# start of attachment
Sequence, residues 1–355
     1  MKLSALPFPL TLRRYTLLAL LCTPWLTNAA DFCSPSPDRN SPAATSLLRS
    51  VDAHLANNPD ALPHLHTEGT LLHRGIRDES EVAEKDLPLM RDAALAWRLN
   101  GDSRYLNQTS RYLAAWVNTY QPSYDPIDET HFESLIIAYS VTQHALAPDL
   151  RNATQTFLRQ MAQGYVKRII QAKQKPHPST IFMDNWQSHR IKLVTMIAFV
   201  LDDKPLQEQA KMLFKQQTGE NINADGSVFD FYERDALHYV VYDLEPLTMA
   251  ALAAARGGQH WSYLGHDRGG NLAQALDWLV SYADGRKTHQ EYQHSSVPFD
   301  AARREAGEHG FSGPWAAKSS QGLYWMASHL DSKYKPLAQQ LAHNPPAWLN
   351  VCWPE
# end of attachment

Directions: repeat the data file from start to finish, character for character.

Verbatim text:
Sequence, residues 1–355
     1  MKLSALPFPL TLRRYTLLAL LCTPWLTNAA DFCSPSPDRN SPAATSLLRS
    51  VDAHLANNPD ALPHLHTEGT LLHRGIRDES EVAEKDLPLM RDAALAWRLN
   101  GDSRYLNQTS RYLAAWVNTY QPSYDPIDET HFESLIIAYS VTQHALAPDL
   151  RNATQTFLRQ MAQGYVKRII QAKQKPHPST IFMDNWQSHR IKLVTMIAFV
   201  LDDKPLQEQA KMLFKQQTGE NINADGSVFD FYERDALHYV VYDLEPLTMA
   251  ALAAARGGQH WSYLGHDRGG NLAQALDWLV SYADGRKTHQ EYQHSSVPFD
   301  AARREAGEHG FSGPWAAKSS QGLYWMASHL DSKYKPLAQQ LAHNPPAWLN
   351  VCWPE